Of course, considering my fascination with Pinterest, there of course, is a Part II (see part I here). We are all too familiar with the whole Pinterest phenomenon. As in, any e-commerce or curation based site you go to these days looks like Pinterest (Wanelo, Wantering, and Uncovet to name a few). The visually stimulating and endless stream style design has popped up everywhere. Additionally, there are those nifty bookmarklets that lives on your task bar forever reminding you to pin it (Pinterest), buy later (Svpply), fancy it (Fancy) or clip to Polyvore. Here are my top 3 picks for unusual e-commerce portals that are a step up from Pinterest.
If any site is purely women dominated, its Polyvore with 20 million users of which 98% are women. If you’re selling to women in the fashion and lifestyle category, it’s recommended that you be on Polyvore. Regardless of whom you’re selling to, you should take advantage of the really useful interface. You can “clip” anything to Polyvore and create cool collages and outfits which can then be saved and shared anywhere else. Each item is tagged with all retail information and source. Using appropriate hashtags and description will allow individual and collage items to be shared on polyvore or anywhere else. Here’s an example of an outfit curated on Polyvore:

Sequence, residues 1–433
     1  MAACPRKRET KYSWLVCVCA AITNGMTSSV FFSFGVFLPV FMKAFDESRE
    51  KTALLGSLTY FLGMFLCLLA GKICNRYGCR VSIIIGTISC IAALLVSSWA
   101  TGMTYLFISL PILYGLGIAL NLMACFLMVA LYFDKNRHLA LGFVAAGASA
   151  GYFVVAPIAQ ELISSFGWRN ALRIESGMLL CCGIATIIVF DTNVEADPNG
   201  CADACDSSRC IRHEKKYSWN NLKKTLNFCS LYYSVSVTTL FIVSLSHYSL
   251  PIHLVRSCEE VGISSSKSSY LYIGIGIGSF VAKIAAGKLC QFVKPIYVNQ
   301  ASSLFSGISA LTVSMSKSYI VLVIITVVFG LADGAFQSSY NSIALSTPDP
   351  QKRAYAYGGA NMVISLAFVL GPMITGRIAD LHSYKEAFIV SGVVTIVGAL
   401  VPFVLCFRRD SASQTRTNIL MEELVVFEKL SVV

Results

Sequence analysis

Fancy is a crowd-sourced and curated e-commerce site with 10 million users. It that carries items from anywhere on the web, its like Pinterest but e-commerce focused. You can “Fancy” anything you want from anywhere and it will carry the retail information and/or source similar to Polyvore. You can also upload your own pictures. But, the basic premise is that all pictures are of high quality editorial and lifestyle images, especially items you want to sell. Fancy favors things that are quirky, interesting and unisex like things that don’t have a size or tech gadgets at any price. For this reason, as a retailer you can sell your products on the Fancy interface where Fancy takes a 20% cut, they also have a 2% affiliate linking program. Creating a sale item is easy, but editing is impossible. Once you create a sales item, you’re directly linked to a sales rep from Fancy who handles the rest. This gets a bit annoying since Fancy holds your hand through it. Some people may prefer that though.
Overall, this is a great place for accessory based brands that are unisex to be able to promote themselves to a whole new audience that appears to be heavily male based. Fancy combines a lot of things that work well like a theme based newsletter, brand badges and “fancys” (likes).
At first, I found Svpply hard to understand, yet it works similar to Fancy except Svpply doesn’t charge you for selling on their site. When you add a product to your Svpply store (or page) and link it to your e-commerce page, there doesn’t seem to be any affiliate linking or commission based sales happening in the background. You can create collections of your items and/or items that you “want” from Svpply’s 1.1 million product database or anywhere else on the web. I must admit, the very simple UI yet over complication of the collections, items and wants organization quickly turned me off using Svpply. It may work for a bigger, well known brand though. I do prefer Fancy over it since there is more engagement. Overall, I do encourage you to explore it as a way to tap into a potentially new audience for e-commerce.
Have you tried any of these platforms? Do you know of any other curated or crowd-sourced e-commerce based sites that you recommend?